I spent some moments with my dad this week. He died in 1976. I had just turned 18 and was already living in Israel, studying at Hebrew U. But I have been at the International Conference on Trauma and Mental Health in Jerusalem the past few days. Zahava Solomon presented “Three Decades of Veterans Research” on the Israeli POWs who returned from captivity in Syria and Egypt after the Yom Kippur War. She described not only the terror of the experience, but also the devastating alienation these men felt returning home. The deadening disconnection of the experience, and its effects on the spouses and children of these men.
My dad was a POW. South Africa was still a British colony, and he answered the call for volunteers. But in June 1942 he was captured at Tobruk. He spent some time at a POW camp called Tarhouna near Tripoli and then almost three years in Stalag IVB near Muhlberg-on- Elbe in Germany. I can only imagine the terror of the Jewish soldiers as the Afrika Korps approached in the desert. But because they were captured as soldiers of nations signatory to the Geneva Convention, they were given the basic protections of the Convention. The Jewish soldiers could not be sent to concentration camps.
But the war was the defining experience of my dads’ life. He returned to South Africa and joined the Liberal Party to fight for equality of all South Africans irrespective of skin colour. By the time I was born my dad had few friends in the country. Most had been exiled or were in prison. His friends were the men from the camp; men from England and Scotland who he would never again see in his lifetime. I remember whenever a letter would arrive how he would take it into his study and quietly read it alone. Religiously he would go to his MOTH (Men Of the Tin Hat) and Ex-Servicemens’ meetings. Now I understand how desperate he must have been for other men who could understand and relate to his experience. In the South Africa of 1945 who knew about PTSD? Who understood what these men had experienced? Who even tried?
The pictures I was shown of the men at the end of the war terrified me. They looked like concentration camp inmates. Because the Germans’ adherence to the Geneva Convention was poor and erratic at best, food and water was in constant shortage. The hunger wore prisoners down both physically and psychologically. The repeated bombing attacks on the German rail system disrupted Red Cross food supplies. Food was sacred in the house I grew up in; something to be treated with the utmost respect.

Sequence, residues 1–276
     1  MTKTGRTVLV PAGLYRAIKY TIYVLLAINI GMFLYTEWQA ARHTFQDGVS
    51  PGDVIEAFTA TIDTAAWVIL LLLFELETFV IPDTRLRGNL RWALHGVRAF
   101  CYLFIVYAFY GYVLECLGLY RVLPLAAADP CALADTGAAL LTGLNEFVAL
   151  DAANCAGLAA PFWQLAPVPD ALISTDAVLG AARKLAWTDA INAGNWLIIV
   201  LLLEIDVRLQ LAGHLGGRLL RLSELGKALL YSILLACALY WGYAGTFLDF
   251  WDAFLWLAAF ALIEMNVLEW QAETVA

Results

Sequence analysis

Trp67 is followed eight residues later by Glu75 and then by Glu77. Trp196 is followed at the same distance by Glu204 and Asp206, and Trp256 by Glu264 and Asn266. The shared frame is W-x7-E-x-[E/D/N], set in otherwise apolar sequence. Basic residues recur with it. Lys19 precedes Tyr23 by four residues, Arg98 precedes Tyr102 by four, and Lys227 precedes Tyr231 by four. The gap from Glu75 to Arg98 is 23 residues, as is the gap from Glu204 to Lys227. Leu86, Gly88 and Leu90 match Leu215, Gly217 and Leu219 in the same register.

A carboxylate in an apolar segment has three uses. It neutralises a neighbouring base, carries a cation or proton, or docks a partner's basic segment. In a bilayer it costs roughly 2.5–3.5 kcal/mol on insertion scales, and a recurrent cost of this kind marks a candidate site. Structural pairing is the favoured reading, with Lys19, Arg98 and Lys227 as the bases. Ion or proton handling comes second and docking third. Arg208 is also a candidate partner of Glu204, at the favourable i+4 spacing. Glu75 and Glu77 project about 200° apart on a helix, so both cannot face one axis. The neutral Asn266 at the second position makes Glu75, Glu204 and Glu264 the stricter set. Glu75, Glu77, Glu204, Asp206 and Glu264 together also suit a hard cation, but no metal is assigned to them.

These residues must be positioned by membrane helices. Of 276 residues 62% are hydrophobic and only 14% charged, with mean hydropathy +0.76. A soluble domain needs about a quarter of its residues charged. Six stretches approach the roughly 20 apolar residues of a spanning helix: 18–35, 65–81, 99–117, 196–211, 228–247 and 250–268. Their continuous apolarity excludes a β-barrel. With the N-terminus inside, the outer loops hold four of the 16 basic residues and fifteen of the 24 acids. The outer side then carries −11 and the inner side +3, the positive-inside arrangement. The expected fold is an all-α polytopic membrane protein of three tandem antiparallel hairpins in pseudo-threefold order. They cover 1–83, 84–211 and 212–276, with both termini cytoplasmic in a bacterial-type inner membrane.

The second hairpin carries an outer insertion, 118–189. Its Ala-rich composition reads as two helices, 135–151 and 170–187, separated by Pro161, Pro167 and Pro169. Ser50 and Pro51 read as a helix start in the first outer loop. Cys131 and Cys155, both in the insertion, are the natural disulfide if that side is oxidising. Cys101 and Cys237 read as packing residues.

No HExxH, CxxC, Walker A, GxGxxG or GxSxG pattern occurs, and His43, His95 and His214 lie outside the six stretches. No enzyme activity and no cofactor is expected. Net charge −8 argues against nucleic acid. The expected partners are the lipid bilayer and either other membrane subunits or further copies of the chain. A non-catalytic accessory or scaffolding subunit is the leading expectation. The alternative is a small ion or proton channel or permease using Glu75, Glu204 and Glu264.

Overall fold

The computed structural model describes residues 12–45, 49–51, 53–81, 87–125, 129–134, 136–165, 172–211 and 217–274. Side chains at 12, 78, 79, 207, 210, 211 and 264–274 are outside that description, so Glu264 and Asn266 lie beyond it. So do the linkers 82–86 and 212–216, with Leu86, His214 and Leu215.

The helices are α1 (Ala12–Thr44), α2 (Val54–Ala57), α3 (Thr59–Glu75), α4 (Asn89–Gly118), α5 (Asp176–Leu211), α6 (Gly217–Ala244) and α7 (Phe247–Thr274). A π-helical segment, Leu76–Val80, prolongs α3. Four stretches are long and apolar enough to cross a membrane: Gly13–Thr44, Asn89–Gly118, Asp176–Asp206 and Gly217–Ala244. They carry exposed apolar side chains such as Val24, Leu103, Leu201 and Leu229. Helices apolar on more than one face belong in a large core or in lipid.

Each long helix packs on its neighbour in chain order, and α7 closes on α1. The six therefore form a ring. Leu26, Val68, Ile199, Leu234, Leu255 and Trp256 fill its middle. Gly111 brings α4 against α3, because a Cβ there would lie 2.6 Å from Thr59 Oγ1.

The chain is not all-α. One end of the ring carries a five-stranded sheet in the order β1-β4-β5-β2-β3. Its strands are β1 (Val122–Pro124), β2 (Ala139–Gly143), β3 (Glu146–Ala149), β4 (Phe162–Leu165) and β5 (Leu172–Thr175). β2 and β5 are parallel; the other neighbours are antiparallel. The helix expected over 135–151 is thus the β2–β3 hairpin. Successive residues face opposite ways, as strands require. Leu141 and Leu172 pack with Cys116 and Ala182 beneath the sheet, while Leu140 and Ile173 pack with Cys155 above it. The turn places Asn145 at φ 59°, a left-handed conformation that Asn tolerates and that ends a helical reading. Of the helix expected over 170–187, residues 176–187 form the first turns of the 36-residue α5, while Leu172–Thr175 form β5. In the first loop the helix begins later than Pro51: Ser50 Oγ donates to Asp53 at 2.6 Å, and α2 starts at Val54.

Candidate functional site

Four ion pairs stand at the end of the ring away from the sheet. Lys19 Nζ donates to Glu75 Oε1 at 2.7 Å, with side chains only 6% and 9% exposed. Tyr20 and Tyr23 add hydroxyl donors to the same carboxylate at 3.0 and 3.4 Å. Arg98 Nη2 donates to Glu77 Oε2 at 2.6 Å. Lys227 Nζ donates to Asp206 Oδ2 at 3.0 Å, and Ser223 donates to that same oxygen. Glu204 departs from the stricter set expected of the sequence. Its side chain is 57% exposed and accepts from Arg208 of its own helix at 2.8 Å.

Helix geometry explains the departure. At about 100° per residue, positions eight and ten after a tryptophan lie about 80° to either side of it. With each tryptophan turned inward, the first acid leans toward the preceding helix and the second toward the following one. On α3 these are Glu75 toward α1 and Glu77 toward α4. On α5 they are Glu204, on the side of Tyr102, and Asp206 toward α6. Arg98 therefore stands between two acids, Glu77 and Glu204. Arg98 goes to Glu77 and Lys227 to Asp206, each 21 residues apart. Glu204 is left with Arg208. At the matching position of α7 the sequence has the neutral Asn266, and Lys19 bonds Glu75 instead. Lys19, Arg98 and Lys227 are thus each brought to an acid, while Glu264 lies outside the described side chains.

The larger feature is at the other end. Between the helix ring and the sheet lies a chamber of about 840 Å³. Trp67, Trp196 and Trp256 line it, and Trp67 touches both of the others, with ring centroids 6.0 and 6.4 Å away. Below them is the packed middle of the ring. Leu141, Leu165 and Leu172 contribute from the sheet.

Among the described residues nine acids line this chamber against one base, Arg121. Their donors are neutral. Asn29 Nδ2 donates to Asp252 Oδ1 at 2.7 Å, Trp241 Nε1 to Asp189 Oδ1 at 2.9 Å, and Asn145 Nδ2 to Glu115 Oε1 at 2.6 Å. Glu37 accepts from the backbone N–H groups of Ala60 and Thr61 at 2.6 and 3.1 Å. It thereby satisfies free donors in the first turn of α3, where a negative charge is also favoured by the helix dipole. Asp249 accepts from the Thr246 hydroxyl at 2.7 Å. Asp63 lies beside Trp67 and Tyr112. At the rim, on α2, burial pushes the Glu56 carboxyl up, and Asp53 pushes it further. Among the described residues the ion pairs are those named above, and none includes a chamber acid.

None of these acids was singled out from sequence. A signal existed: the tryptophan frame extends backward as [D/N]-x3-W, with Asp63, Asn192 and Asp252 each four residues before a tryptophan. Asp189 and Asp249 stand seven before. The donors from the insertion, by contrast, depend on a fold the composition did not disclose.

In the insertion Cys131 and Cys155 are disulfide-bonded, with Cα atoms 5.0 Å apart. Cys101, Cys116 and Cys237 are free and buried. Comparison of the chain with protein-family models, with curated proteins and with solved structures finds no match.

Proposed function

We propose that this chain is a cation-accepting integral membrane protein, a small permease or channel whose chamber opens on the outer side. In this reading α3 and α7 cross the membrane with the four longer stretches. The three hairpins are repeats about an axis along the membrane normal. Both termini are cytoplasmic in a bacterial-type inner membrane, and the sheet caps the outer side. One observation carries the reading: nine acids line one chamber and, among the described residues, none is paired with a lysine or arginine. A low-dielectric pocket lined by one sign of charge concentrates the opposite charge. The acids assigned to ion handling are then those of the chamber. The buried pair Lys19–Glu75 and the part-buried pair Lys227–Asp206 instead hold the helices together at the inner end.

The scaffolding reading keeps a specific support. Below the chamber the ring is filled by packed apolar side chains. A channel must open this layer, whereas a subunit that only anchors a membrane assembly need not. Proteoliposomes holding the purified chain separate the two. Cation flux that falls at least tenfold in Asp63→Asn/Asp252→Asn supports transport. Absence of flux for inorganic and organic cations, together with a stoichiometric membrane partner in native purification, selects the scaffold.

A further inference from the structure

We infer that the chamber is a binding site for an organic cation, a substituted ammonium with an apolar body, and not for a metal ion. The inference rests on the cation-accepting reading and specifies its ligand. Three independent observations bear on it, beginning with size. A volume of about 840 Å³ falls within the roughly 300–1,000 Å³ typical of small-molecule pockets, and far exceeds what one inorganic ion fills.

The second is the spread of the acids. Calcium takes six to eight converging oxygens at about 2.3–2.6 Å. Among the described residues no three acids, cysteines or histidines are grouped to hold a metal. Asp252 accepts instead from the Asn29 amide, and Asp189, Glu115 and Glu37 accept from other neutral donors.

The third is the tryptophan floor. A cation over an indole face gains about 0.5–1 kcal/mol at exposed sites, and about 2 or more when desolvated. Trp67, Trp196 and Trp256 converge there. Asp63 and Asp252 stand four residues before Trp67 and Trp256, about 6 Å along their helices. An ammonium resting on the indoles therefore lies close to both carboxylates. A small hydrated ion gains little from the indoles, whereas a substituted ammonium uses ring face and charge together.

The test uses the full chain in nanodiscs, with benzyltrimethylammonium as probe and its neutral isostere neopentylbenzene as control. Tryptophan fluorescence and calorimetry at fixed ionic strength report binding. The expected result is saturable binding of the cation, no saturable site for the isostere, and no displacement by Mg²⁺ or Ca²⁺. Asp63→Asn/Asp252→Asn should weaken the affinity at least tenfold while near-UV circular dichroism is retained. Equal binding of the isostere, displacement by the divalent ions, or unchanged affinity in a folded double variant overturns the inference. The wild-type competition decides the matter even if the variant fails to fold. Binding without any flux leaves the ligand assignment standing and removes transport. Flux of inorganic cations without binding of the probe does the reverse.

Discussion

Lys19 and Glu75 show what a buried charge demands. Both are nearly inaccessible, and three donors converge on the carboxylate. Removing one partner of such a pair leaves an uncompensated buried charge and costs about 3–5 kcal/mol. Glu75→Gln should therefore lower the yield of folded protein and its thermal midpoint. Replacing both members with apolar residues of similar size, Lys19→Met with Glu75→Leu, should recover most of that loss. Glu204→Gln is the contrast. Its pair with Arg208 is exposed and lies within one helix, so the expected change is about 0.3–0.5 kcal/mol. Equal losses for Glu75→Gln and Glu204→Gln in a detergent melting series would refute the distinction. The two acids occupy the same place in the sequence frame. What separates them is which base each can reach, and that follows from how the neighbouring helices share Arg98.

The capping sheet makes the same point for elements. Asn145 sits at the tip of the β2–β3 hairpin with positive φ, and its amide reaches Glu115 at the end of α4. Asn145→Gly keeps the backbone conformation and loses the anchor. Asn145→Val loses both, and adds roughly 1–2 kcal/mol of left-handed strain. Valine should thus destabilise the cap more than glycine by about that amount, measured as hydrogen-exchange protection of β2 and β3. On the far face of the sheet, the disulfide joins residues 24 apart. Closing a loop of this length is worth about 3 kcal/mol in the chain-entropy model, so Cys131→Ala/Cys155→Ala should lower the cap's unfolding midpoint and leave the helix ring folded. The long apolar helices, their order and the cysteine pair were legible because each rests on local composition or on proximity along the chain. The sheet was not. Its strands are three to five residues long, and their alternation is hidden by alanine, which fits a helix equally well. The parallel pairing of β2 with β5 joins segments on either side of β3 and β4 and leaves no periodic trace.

In April 1945 the Russians arrived to liberate the camp. I recall my dad describing how they asked for men who spoke German, and because he knew Yiddish, he stepped forward. And so it happened that my dad was taken as a translator by the Soviets who went to liberate the concentration camp closest to Muhlberg. But this was not his only story. Most of his stories were about the escape attempts, the wall newspaper he edited, the Jewish prayer services he helped organize, the Rugby team he trained, and always about the camaraderie and the friendships.
I sit at the conference and my professional ear listens to the lectures. But my inner ear hears the Second Transvaal Scottish playing their bagpipes at my dads’ funeral.
You used to tell me stories of the war
Sunsets in Ismailia
Warm beers on the steps of a desert café
Turbaned waiters in white jalabiyas
Mirages of life after death
The cupped hands of fellow prisoners
Which you still drank from
When I knew you.
Three years and from camp to camp
And just before your capture
When if you squinted
You could make out the brown uniforms
On the dusty sanddune horizon
And it was only a matter of minutes,
You buried your tefillin in the sand
Somewhere in North Africa
Your tefillin are in the sand
I can see you crouching
I have heard this story many times
Sitting on your lap and later
On the rug at your feet
Crouching to hide this thing.